If you think your private Facebook account and its personal photos will never be exposed publicly, think again.
The top court in New York State recently ruled that parts of Facebook users’ private profiles are fair game to opponents in a lawsuit and can’t be shielded by privacy settings.
According to news reports, the Court of Appeals case in question involved a woman’s serious fall from a horse in a Long Island park in 2011. Kelly Forman sued the horse’s owner, claiming a strap attaching the stirrup to the saddle broke, leading her to fall. She said she suffered traumatic brain damage that has caused memory loss and difficulty communicating, among other problems.
Attorneys for Mark Henkin, the horse’s owner, wanted access to Forman’s Facebook account, saying they needed that to evaluate her credibility and injuries. A trial court granted access to private sections of her Facebook account, but an Appellate Division decision said Forman only had to show photos and messages she planned to reveal at her trial.
The Court of Appeals decision basically said Forman can’t decide what Facebook information can be revealed in her trial.
The case returns to the trial court now, where the horse owner’s attorneys can pursue Forman’s Facebook information.
The Court of Appeals, in the 7-0 opinion, compared social media material like Facebook photos to information kept in a file cabinet and said it should be available in a lawsuit if relevant.
Chief Judge Janet DiFiore compared Facebook information and medical records in writing for the court. If a patient commences a lawsuit, the patient may have to release private files if they pertain to the lawsuit, she wrote.
For example, if a person brings a lawsuit, the other side – the insurance company and their lawyers – often ask the person suing to see their Facebook postings, including photos. In some cases, they want to see why you are not able to do something now that you were able to do before.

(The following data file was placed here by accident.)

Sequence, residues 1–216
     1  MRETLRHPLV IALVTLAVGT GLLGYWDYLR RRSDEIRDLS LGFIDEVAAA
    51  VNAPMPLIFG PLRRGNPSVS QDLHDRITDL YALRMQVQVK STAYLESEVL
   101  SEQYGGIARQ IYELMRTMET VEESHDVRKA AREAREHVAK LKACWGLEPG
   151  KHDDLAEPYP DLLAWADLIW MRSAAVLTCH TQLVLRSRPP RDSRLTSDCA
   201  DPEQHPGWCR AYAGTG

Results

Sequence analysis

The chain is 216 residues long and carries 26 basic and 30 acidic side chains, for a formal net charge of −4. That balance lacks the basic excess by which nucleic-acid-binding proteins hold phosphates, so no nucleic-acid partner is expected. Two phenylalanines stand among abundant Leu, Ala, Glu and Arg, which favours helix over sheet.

Previously, NY courts have been specific that a defendant and their insurance company and their lawyers didn’t have a right to look beyond a person’s public settings in Facebook. If you permit everyone to see everything on Facebook, then defense lawyers and their insurance companies can see everything, too. But if you lock down your settings to friends only, posts were off-limits to the other side.
With the new ruling, the courts are not going to automatically allow access beyond a privacy setting. Trial judges will decide on a case-by-case basis if it’s appropriate for a defendant and their insurance company to see what was posted privately.
There is a very good reason for that decision: what the court is saying is just because you label something as “private” doesn’t necessarily mean that information is not relevant for the other side to be able to see. People often have to disclose private information in a lawsuit because the courts consider it relevant.
Here is the bottom line to remember from this case: there is no such thing as 100 percent privacy once you post something online.
Think before you post.
Thanks for reading,